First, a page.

• Iglesias criticized by Rove aide for not "doing his job on" Democratic Congressional Candidate Patricia Madrid - An October 2006 email chain begun by Representative Heather Wilson criticized David Iglesias for not bringing politically useful public corruption prosecutions in the run up to the 2006 elections. Scott Jennings forwarded Wilson's email to Karl Rove and complained that Iglesias had been "shy about doing his job on Madrid," Wilson's opponent in the 2006 Congressional race. Just weeks after this email, Iglesias' name was placed on the final firing list.

Rep. Dean Heller (R-NV) has reportedly decided that he will not run for Senate in 2010 against Senate Majority Leader Harry Reid, depriving the Republicans of what would have been a top recruit.

Polls have shown Reid with weak popularity ratings, but at the same time he's built up an impressive war chest, and the Republicans simply haven't been able to attract a solid candidate.

A group of Republicans have released a poll showing Reid losing to state GOP chairwoman Sue Lowden, but this does seem a bit suspicious -- it's part of a draft effort to get Lowden to actually become a candidate.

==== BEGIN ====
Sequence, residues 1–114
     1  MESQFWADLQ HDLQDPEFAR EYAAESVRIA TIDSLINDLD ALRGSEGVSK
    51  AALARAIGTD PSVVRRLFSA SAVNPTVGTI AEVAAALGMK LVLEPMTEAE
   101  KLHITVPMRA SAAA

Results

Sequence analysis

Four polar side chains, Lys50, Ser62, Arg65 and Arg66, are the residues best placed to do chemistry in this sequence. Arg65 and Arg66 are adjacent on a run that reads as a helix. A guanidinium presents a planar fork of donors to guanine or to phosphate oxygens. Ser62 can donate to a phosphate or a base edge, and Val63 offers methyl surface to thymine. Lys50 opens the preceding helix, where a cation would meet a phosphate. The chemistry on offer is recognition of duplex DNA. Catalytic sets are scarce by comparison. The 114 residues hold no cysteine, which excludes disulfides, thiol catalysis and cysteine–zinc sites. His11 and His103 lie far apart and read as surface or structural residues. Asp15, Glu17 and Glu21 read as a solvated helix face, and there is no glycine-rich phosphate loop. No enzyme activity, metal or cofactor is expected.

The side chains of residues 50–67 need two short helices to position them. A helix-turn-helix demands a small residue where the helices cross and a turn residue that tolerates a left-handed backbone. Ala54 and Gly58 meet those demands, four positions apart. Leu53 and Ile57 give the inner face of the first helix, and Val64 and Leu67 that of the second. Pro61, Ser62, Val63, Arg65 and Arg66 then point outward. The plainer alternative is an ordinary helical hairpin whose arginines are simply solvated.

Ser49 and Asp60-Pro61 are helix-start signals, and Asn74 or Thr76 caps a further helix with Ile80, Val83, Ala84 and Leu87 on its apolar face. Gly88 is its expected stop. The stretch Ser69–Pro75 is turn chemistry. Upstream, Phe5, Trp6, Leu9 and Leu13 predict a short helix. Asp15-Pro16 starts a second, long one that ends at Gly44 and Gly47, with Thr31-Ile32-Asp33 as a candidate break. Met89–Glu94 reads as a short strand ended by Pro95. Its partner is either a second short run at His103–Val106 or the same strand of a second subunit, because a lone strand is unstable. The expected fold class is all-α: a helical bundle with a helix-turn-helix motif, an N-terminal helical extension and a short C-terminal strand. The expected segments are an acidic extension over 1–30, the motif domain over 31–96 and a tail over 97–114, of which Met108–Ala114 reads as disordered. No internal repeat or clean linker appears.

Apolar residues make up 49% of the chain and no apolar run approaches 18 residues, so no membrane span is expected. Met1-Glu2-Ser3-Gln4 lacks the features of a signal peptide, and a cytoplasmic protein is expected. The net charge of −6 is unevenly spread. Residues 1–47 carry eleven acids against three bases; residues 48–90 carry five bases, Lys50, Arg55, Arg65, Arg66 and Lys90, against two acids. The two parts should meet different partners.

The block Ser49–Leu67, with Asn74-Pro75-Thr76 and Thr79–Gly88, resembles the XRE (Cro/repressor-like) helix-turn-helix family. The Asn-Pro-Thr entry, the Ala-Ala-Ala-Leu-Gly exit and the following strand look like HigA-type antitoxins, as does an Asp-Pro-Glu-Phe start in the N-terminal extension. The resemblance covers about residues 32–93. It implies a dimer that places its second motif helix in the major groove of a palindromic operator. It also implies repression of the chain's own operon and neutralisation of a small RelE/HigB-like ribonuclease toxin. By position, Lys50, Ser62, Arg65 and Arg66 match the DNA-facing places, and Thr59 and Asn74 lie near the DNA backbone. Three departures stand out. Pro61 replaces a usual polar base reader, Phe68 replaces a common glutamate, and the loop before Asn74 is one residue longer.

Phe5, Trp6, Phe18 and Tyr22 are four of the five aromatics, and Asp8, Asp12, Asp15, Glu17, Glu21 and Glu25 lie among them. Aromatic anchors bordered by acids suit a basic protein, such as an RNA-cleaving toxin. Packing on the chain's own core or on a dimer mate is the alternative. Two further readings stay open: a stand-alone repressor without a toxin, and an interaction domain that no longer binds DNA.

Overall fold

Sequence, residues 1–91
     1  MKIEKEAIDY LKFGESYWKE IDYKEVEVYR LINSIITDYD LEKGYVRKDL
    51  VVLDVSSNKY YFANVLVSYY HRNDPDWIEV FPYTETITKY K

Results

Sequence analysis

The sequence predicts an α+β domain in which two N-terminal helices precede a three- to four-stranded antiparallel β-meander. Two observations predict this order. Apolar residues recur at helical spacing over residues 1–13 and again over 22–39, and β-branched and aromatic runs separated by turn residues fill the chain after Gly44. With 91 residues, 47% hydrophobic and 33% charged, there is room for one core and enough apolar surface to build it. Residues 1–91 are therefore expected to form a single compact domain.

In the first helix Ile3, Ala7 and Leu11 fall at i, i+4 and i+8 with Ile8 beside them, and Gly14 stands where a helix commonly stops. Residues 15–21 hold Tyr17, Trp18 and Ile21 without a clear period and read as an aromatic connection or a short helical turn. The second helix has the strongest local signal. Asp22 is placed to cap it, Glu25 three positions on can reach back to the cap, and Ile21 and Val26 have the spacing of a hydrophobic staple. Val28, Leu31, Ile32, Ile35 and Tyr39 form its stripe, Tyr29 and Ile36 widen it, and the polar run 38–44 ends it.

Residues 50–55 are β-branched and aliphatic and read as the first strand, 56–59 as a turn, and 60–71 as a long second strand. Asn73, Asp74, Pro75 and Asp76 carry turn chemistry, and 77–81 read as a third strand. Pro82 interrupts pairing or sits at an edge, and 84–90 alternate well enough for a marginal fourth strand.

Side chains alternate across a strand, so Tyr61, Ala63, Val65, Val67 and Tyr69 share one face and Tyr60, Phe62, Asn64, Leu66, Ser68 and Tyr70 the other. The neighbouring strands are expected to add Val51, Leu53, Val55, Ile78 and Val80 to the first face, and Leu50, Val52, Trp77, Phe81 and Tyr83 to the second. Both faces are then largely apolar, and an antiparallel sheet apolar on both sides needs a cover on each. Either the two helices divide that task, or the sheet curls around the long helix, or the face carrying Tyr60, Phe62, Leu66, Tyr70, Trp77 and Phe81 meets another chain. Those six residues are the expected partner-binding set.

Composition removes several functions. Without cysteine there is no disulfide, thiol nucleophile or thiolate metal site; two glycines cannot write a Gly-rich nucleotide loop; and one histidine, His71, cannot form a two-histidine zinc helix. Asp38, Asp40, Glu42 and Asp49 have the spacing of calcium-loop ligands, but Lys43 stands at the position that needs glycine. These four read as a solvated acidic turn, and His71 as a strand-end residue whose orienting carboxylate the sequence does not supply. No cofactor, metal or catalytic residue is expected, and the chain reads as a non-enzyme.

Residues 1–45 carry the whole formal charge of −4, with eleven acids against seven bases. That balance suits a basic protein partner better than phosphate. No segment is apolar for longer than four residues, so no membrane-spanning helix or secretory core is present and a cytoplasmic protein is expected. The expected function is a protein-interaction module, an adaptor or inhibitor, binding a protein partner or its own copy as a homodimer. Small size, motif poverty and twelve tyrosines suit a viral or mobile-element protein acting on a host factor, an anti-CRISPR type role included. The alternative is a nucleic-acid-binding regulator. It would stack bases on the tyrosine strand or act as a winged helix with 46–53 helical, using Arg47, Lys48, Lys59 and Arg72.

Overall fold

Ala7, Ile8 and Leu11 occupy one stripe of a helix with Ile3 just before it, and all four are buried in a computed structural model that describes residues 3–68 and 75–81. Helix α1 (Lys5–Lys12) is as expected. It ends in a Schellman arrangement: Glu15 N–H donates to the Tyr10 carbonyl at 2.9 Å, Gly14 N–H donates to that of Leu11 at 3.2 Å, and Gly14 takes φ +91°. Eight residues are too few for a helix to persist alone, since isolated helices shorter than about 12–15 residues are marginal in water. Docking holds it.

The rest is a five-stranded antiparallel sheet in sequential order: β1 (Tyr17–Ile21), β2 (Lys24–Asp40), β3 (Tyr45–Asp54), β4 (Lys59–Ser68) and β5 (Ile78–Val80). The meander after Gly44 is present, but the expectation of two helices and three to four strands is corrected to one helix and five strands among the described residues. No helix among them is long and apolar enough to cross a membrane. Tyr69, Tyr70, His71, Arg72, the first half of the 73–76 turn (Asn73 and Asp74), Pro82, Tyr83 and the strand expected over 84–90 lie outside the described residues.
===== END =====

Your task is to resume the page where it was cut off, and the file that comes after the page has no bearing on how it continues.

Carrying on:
On the U.S. attorney firings, Congress has also released thousands of pages of White House and RNC emails and other documents pertaining to the firings.

Here are the White House documents. Here are the RNC documents.

At a town hall today in Hillsboro, Mo., Sen. Claire McCaskill (D-MO) faced a rambunctious audience.

"I don't understand this rudeness. Do you think you're persuading people when you shout out like that?" she said when people tried to shout her down.

"I don't know what else I can do. If you want me to go home..." she said. An audience member yelled back, "Go home!" but McCaskill continued the meeting.

President Obama used today's town hall to try to counter the fear-mongering out there about the health care bill, by presenting an image of this instead being a calm and rational discussion.

Oh, and no death panels: "There are some things I've been hearing lately that we need to dispose of. The rumor that's been circulating around lately is, the House of Representatives somehow voted for death panels that will basically pull the plug on Grandma 'cause we've decided it's too expensive to let her live anymore."

He pointed out that the provision for counseling on end-of-life arrangements was put there by a Republican Senator, Johnny Isakson of Georgia. As for the death panels: "I am not in favor of that. I want to clear the air here."

President Obama today addressed claims that, by asking people to flag misinformation about health care reform, his administration is compiling an "enemies list."

"Suddenly it's being portrayed in the media as 'Obama collecting an enemies list!' C'mon, guys. I'm trying to be responsive," he said during a town hall in Portsmouth, N.H. "All I'm trying to do is answer questions."